Bottom line: China probationary periods are neither what they used to be nor what they seem to be.  If you are unsure whether you are using your China employee probation periods correctly, now is the time to find out.

This case is becoming a bit of a cause célèbre in Canada, as “lawyers and politicians lining up behind the couple describe their detention as outrageous, excessive and a gross violation of personal liberty and security.” The couple own Lulu Island Winery, which before the couple’s arrest claimed its exports accounted “for almost 20 per cent of all Canadian wine exported to China.” “The allegations are that ‘a certain brand of ice wine in Canada’ had been declared at around 10 Yuan a bottle (under $2 Cdn), when it was worth many times that amount.”

Many in Canada see this case as a political one and calls are going out to get Prime Minister Justin Trudeau to intervene. One Canadian politician is quoted as saying “the Trudeau Liberals are mishandling the case by treating it as a consular issue, instead of a serious trade dispute.” The Canadian lawyers for the couple have also expressed their dissatisfaction with the Canadian government for not “holding China customs to account.” The lawyers also submitted a briefing paper to the Canadian government that “hints the couple became a target of Chinese wrath because they maintained their innocence” and further stating that “‘many other foreign wineries…were similarly charged but released shortly after admitting to the under–reporting and paying…fines.'”

We used to write fairly often about foreigners getting caught for China customs violations, but we mostly stopped when the number of such cases began to decline. But since Trump’s election as President, we have seen a rapid uptick in China customs problems — at least for U.S. companies. But in terms of how to avoid China customs problems, what we wrote in a 2013 post, entitled, China Customs Problem? Keep Your Mouth Shut! still holds true today:

The point is that no matter how warm and fuzzy you want to get with China customs, it has zero desire to get all warm and fuzzy with you. Their goal is to fine you as much as they can and then maybe just toss you in jail for good measure. Their goal is to make their quotas and you are their quota. If China customs comes gunning for you, seek help and fast. For more on this, please check out and read China’s Detention Of Foreigner For Alleged Customs Violation Should Be A Strong Warning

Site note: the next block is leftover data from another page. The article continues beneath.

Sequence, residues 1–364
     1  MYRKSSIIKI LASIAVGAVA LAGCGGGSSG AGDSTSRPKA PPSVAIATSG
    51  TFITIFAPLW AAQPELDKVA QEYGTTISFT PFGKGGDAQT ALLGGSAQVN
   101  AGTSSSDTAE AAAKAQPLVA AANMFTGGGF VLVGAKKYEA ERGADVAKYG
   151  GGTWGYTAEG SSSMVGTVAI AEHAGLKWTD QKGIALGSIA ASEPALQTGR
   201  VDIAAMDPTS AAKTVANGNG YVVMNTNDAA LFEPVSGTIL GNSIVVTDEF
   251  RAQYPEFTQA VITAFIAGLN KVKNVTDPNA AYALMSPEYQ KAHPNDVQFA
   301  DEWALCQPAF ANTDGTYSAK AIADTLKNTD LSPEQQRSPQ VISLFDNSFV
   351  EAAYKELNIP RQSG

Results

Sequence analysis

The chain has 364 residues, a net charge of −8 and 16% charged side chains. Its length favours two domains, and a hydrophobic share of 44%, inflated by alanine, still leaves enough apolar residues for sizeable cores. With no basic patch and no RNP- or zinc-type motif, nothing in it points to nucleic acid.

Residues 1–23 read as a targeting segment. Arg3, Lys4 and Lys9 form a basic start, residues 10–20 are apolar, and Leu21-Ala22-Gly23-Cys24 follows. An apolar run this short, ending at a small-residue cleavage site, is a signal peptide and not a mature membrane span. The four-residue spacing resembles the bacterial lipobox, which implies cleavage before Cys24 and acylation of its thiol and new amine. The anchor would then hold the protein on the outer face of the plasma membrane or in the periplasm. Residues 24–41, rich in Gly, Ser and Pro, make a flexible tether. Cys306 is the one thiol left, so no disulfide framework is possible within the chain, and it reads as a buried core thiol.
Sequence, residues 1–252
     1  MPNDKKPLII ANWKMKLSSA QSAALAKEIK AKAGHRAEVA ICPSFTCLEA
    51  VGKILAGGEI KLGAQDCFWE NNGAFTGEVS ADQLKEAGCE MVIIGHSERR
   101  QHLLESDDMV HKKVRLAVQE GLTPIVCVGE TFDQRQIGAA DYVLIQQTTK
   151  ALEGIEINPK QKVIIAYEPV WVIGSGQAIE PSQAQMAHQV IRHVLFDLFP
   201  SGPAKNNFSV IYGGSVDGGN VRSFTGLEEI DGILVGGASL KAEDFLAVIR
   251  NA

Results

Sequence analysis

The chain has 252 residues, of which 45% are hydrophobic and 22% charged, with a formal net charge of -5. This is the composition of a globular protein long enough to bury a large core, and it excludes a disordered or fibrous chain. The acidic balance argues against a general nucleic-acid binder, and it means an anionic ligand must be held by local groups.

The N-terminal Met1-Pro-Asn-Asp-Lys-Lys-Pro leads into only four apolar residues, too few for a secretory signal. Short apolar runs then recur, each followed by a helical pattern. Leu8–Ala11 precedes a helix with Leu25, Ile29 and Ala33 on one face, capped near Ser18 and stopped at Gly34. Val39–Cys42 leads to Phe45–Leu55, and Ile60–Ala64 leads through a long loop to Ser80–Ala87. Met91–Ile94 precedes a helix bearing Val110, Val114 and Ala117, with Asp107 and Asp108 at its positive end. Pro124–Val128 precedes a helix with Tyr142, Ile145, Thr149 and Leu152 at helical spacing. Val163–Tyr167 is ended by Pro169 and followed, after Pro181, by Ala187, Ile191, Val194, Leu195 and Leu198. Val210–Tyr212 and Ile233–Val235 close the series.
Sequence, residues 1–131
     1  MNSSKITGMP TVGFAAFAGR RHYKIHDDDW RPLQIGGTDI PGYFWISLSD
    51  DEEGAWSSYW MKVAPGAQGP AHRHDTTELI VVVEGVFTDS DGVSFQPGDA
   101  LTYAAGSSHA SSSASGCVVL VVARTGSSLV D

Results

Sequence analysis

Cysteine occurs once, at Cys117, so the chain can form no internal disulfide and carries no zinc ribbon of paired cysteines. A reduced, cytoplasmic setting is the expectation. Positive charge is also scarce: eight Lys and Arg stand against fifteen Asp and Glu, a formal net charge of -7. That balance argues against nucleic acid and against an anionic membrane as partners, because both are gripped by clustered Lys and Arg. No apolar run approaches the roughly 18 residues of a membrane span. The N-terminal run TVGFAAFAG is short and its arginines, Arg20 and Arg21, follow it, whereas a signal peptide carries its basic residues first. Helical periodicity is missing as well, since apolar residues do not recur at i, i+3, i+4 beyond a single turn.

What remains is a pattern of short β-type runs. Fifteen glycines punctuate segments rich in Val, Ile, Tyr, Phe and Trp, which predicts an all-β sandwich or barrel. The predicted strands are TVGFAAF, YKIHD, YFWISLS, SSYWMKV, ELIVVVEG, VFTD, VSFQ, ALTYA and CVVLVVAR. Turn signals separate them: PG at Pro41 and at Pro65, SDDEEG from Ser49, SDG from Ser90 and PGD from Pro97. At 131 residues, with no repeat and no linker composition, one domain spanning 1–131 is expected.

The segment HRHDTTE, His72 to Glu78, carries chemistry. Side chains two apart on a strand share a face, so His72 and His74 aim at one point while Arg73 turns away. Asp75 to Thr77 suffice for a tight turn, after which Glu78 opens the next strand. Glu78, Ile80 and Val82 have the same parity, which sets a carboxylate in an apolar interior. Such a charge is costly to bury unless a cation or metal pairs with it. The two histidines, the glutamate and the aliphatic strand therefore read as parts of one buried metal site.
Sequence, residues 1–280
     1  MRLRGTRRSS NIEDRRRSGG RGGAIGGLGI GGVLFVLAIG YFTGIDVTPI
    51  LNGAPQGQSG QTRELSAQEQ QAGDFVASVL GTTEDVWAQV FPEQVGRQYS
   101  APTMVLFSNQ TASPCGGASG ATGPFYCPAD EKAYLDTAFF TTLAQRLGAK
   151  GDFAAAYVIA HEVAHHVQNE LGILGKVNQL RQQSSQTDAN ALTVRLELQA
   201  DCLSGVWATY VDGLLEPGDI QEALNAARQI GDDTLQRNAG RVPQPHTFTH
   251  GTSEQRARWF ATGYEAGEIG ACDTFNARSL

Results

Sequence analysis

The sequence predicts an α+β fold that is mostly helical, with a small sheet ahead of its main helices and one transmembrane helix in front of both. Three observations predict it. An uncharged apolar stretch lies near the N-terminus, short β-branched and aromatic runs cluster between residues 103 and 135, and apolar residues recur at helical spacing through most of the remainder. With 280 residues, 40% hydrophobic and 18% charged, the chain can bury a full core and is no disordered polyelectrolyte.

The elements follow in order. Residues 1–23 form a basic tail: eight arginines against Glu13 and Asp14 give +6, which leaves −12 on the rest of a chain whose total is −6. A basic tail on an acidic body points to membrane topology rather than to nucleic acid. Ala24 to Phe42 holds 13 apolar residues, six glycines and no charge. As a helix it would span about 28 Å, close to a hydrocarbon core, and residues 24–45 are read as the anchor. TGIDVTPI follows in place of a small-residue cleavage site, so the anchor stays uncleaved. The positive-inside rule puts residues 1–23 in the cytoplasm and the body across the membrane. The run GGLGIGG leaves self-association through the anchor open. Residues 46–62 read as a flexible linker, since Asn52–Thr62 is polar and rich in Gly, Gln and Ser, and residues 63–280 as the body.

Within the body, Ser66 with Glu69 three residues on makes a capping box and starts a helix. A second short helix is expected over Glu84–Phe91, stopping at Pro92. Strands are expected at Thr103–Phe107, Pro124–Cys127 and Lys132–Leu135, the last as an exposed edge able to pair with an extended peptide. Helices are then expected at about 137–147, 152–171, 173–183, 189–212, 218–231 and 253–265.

So what can you do to avoid a major China customs problem? The following is the bare minimum:

  1. Do not underreport or in any other way lie to China customs. China customs is really good at discovering the truth and they — like pretty much everyone else — do not like those who try to dupe them. What always shocks me is not that the companies that come to our China lawyers  after having been caught by China customs were caught by China customs, but their shock at having been caught. If your website says you sell your widgets for USD$1850 and you declare their value with China customs at USD$450, you will get caught. If you have a valid basis for pricing your product differently for China (maybe the product just looks the same as the one on your website, but it isn’t) you may be able to avoid a customs problem. But if you don’t, you are in trouble and saying that everyone else does it or that your Chinese general manager told you to do it is not a defense.
  2. If China customs seems to be coming after you, it almost certainly is coming after you and the odds are good they are thinking about criminally prosecuting you. In other words, if China customs questions something you did, they are likely gathering up evidence to proceed against  you criminally. And at this point, there two things you should do: shut your mouth and get a good lawyer.